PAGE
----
Win7: Release Date Confirmed, SE App Limit Dropped

Dennis Faas's picture

Microsoft has confirmed Windows 7 will get its official release on 22 October. It's also updated some of the details about the Starter edition which will appear on low-spec machines such as netbooks.

The October release date had been widely expected since the head of Acer in the UK revealed one of his firm's new models would be on sale running Windows 7 on the 23rd -- one day out from the confirmed release date.

October Release a Pre-Emptive Strike

The release is three months before the earliest date Microsoft had previously hinted at (January 2010, three years after Vista's release).

The most likely motivation for getting Win7 out early is to make the most of the Christmas gift market. However, the National Business Review in New Zealand speculates that it's an attempt to get Windows netbooks on sale before recently-announced plans for Google's Android system to jump from smartphones to netbooks can take hold in the market. (Source:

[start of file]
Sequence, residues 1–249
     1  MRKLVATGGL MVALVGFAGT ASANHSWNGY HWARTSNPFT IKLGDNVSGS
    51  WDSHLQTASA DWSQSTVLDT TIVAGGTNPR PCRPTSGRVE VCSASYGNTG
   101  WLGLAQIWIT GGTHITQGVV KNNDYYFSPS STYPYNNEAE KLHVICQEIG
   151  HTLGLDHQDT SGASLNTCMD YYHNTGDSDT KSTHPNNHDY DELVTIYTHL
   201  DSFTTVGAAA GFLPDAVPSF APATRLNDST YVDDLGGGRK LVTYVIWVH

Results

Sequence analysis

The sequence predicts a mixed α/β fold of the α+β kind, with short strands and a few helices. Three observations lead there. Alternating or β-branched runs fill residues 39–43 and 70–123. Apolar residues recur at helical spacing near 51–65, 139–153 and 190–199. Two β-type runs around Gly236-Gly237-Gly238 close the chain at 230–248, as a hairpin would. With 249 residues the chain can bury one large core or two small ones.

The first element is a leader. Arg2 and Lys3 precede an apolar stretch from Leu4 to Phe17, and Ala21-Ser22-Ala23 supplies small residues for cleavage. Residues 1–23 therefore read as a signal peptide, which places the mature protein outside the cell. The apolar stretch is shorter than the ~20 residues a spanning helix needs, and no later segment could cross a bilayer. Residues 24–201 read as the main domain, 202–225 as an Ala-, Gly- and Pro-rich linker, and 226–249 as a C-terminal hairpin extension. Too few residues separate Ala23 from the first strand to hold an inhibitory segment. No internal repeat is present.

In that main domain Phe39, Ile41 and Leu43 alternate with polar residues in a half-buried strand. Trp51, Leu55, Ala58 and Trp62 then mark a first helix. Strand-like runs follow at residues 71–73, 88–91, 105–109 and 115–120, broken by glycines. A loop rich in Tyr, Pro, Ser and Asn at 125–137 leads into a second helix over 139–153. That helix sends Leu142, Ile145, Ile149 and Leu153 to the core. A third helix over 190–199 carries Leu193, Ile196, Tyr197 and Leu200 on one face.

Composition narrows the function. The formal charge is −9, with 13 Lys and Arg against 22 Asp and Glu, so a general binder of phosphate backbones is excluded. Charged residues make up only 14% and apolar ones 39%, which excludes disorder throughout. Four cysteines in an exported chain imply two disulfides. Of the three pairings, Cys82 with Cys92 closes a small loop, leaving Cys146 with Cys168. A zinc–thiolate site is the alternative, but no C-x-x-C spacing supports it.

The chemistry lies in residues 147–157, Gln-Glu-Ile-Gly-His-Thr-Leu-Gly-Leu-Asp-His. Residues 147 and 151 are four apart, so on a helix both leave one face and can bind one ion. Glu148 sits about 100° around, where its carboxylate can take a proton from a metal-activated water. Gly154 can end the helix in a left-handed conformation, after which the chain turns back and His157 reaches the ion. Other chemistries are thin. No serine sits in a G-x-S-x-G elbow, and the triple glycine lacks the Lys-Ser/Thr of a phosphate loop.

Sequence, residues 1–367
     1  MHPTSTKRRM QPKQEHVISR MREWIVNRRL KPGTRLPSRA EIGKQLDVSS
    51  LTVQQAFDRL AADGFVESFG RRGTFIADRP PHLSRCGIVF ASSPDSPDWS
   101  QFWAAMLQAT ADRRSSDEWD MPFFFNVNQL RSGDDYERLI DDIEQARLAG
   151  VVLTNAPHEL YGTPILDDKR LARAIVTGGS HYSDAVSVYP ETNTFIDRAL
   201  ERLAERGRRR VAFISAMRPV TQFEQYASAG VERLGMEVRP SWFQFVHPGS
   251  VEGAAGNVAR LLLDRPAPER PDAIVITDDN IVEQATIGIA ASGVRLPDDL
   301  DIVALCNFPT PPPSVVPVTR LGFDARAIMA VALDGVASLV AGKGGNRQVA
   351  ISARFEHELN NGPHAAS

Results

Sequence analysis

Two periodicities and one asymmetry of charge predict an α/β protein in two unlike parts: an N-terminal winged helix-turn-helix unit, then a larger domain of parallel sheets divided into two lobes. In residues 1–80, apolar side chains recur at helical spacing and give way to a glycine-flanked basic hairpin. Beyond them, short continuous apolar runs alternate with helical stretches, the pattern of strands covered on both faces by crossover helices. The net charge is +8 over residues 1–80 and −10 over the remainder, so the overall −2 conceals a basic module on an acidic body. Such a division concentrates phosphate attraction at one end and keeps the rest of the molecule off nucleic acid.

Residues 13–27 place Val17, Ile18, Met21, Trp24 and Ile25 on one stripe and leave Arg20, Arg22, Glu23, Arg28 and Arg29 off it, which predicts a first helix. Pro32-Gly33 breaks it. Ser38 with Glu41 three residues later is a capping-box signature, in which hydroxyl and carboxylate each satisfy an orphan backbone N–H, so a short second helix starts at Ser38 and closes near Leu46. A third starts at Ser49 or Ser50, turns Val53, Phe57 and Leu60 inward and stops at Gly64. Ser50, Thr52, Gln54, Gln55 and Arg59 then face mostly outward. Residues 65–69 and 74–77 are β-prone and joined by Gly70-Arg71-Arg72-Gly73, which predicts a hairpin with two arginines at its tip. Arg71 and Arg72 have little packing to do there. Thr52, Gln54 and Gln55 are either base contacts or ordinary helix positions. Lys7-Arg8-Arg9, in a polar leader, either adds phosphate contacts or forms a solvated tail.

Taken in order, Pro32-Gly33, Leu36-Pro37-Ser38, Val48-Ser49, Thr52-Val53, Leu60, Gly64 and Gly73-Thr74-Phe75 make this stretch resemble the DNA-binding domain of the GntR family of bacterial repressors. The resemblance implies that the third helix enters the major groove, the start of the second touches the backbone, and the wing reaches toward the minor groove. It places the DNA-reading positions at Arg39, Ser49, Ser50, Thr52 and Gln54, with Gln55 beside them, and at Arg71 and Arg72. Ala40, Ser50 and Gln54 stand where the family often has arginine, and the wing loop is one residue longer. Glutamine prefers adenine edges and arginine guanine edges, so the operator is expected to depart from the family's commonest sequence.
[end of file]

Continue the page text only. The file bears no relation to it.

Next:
Special Upgrade Deals for Windows 7

Microsoft has also confirmed plans for a scheme to allow manufacturers and retailers to offer special upgrade deals to customers who buy a Vista PC in the run-up to the Windows 7 release, though the dates and financial details are still under wraps.

Some suggest the upgrade is aimed at parents interested in buying their children a new machine for the start of the school year.

Microsoft: No App Limit on Windows 7 Starter

Microsoft also announced that the Starter edition of Windows 7 will, as rumored, not be limited to running three applications at once.

However, some limitations will still be in place, such as not being able to change wallpaper or color schemes, and not being able to play DVDs. The latter could be a major issue for users of netbooks, which are inherently designed to be ultra-portable and thus useful for killing time on long journeys. (Source:

It appears Microsoft is caught in an awkward situation. It needs the Starter edition to be unattractive enough that users upgrade to more expensive editions. But it needs it to be an attractive enough last resort that netbook manufacturers install it (at the lower price) rather than power their machines with free Linux-based systems.

Rate this article: 
No votes yet